The Tools of Truth

“What we may be seeing is a modification of the doctrines of mistake and misrepresentation to deal with both post-contract and pre-contract issues, the way that estoppel now does in certain cases”

Professor Bruce MacDougall’s current research investigates three important and related legal doctrines: estoppel, misrepresentation and mistake. Each involves mechanisms by which the law holds somebody to a particular statement as being legally binding or significant, without the statement itself becoming a part of a contract. Professor MacDougall is concerned in each instance to determine how Canadian law has developed in ways that are distinct from the law in England and in other common law jurisdictions. While other jurisdictions, particularly England, have statutes in this area, in Canada there is a greater dependency on the common law. With the vast bulk of the scholarship and research following English law, Professor MacDougall’s work makes a distinct and distinctly Canadian contribution to these areas of law.

All three doctrines commonly operate in the context of a contract while being formally outside of its boundaries, performing different but connected things. An estoppel is a method by which the law holds parties to a lie as if it is the truth. A misrepresentation is a mechanism by which the law holds the parties to the truth in the face of a statement that was a lie. Mistake is a technique by which the law holds the parties to the truth even though they acted in the face of a falsehood which was not necessarily the result of the statement from either party.

Professor MacDougall explains that one of his particular motivations for his research has been “to examine the way in which the common law and the equity interact in this area.”

“Here in Canada there is a different approach in this regard than in England and most other common law jurisdictions. Canadian courts – and especially those of British Columbia – give a greater role to the equitable nature of these doctrines.”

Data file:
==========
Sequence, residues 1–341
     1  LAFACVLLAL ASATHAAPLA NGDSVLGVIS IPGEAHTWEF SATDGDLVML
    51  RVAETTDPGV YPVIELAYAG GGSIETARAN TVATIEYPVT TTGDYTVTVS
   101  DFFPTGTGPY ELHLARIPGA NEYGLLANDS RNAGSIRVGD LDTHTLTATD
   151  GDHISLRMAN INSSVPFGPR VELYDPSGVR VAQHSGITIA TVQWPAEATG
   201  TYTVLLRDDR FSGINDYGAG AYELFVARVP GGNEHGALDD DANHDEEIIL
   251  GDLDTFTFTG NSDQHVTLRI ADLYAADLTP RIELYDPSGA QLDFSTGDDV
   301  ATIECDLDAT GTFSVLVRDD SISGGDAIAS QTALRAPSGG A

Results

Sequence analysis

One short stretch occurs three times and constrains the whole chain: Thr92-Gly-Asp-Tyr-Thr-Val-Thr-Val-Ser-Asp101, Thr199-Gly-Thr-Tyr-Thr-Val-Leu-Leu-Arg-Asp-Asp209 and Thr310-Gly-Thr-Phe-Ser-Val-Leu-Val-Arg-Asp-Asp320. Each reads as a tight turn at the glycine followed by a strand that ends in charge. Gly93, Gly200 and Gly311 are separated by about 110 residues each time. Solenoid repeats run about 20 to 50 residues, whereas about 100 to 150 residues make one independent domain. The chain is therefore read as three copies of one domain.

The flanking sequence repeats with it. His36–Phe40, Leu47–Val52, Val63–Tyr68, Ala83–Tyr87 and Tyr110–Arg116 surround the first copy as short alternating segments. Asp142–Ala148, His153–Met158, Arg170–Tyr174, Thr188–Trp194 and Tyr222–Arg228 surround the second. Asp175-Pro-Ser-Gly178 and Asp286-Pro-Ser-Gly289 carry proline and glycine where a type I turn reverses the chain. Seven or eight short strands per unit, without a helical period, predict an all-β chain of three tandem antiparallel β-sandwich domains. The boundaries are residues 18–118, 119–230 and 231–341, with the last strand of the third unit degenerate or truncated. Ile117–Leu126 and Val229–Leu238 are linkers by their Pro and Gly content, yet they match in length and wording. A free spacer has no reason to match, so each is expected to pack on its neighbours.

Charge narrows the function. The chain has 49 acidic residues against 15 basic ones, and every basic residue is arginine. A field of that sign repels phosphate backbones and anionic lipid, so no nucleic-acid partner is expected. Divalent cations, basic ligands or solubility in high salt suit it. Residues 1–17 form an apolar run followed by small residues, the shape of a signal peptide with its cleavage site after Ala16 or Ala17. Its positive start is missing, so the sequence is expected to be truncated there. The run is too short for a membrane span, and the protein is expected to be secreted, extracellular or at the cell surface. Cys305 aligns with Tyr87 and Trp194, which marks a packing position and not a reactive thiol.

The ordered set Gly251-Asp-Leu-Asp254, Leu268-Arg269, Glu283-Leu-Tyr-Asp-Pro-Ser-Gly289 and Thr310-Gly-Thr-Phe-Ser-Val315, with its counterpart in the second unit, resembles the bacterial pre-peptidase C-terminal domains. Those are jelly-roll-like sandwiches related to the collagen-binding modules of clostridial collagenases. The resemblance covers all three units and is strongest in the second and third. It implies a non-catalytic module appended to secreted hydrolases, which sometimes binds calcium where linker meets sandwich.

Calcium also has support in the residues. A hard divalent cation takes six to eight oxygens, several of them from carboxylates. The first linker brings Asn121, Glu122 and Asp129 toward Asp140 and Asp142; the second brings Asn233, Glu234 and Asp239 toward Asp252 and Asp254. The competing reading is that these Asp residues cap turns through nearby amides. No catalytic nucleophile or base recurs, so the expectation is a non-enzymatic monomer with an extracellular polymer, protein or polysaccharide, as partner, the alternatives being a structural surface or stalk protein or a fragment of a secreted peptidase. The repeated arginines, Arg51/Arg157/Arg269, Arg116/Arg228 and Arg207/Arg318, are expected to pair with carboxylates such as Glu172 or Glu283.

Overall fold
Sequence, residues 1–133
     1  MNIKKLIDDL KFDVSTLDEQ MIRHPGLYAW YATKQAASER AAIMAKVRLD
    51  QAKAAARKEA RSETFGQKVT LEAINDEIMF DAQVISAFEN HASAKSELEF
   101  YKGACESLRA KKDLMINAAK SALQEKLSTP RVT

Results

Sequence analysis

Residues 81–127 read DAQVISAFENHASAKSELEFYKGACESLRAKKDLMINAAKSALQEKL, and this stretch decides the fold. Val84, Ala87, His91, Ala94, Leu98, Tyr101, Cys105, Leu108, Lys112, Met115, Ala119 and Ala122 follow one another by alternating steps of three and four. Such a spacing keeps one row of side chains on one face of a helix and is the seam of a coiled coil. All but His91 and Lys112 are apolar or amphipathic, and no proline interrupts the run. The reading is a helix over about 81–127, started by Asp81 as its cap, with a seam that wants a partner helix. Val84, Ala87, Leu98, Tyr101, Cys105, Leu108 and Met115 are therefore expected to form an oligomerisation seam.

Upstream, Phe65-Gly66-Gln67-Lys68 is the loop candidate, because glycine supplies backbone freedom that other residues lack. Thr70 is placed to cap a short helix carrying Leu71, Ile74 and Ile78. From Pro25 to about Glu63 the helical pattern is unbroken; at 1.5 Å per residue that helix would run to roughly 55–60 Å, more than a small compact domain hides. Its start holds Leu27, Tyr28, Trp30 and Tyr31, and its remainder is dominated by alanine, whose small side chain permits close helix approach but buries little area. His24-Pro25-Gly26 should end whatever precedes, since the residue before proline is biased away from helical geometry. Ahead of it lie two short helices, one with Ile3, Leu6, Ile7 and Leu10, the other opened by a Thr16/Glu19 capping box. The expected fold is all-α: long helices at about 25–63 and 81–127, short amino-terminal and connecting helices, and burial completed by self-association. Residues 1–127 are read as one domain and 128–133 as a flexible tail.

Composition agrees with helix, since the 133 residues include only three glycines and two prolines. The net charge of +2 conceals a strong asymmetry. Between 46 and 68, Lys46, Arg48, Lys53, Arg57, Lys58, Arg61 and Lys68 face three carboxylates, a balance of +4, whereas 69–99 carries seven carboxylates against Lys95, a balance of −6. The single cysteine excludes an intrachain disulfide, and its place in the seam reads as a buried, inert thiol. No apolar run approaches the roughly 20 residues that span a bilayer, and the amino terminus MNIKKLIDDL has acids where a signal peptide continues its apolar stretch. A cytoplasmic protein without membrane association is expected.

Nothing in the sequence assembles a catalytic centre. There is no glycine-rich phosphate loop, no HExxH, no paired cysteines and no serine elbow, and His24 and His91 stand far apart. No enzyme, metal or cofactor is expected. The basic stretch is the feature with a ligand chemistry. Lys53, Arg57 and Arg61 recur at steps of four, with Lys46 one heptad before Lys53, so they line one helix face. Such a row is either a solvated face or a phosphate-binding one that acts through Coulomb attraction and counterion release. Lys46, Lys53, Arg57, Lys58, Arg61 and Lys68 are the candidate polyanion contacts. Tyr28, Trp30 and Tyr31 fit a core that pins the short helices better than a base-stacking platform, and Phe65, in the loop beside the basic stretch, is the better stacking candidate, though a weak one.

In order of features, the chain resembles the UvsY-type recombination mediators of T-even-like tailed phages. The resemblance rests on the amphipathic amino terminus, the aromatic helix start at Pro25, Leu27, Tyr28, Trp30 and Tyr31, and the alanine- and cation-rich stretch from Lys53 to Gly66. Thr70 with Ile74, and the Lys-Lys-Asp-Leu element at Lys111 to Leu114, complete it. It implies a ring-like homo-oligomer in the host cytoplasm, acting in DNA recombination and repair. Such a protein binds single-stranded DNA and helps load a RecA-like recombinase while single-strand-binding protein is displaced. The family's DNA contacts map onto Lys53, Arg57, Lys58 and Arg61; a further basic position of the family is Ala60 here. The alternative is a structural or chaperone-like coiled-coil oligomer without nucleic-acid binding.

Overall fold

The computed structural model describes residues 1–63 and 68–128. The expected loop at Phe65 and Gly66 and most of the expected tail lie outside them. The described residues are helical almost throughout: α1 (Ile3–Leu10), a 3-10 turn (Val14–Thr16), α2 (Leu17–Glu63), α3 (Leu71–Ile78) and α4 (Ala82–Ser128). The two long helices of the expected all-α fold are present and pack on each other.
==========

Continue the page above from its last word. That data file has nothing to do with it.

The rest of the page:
There is tension, however, between how much equity should be involved on the one hand and on the other the extent to which these doctrines should be based on fairly predictable parameters. The role of equity relates partly to the juridical basis for the availability of the doctrines – whether as of right or by virtue of the discretion of the court. The issue of the role of equity also relates to the remedies associated with these doctrines and the extent to which relief is discretionary.

Professor MacDougall’s research is challenging some of the assumptions of the Canadian courts regarding the benefit of equity in this context. “It always seems like a good thing when you are administering it in a context of a particular case, but there is a danger that we are venturing into the realm of palm-tree justice. Overuse of equity can contribute to the idea that we always need to go to court; too much equity encourages litigation,” Professor MacDougall argues.

Part of Professor MacDougall’s research in this area relates to the new doctrine created by the Supreme Court of Canada last year, the assertion that every contract contains within it a duty of honest performance which cannot be contracted out. Estoppel, misrepresentation and mistake have historically been associated with events that occur before the contract is in existence. Certain types of estoppel have started to work post-contract, notably promissory estoppel and estoppel by convention. Perhaps the new doctrine of honest performance marks a similar change for misrepresentation and mistake.

“What we may be seeing is a modification of the doctrines of mistake and misrepresentation to deal with both post-contract and pre-contract issues, the way that estoppel now does in certain cases,” Professor MacDougall explains. “That might be what the duty of honest performance has as its essence.”

Professor MacDougall’s first book in these three interconnected areas, Estoppel, was published by LexisNexis Canada in 2012. The second book on misrepresentation in contracting will be finished this year, while the third, on mistake, is scheduled to appear in 2017.

Professor Bruce MacDougall

Professor MacDougall joined the Allard School of Law as Assistant Professor in 1988. He was Associate Professor from 1996-2002, and became Professor of Law in 2002. Professor MacDougall studied at Oxford University as a Rhodes Scholar and served as Law Clerk at the Supreme Court of Canada for Mr. Justice Gerald Le Dain from 1986-87. He was a Visiting Scholar at the University of Florida, Gainesville in 1993, and Distinguished Research Fellow at King's College, London, in 2001.

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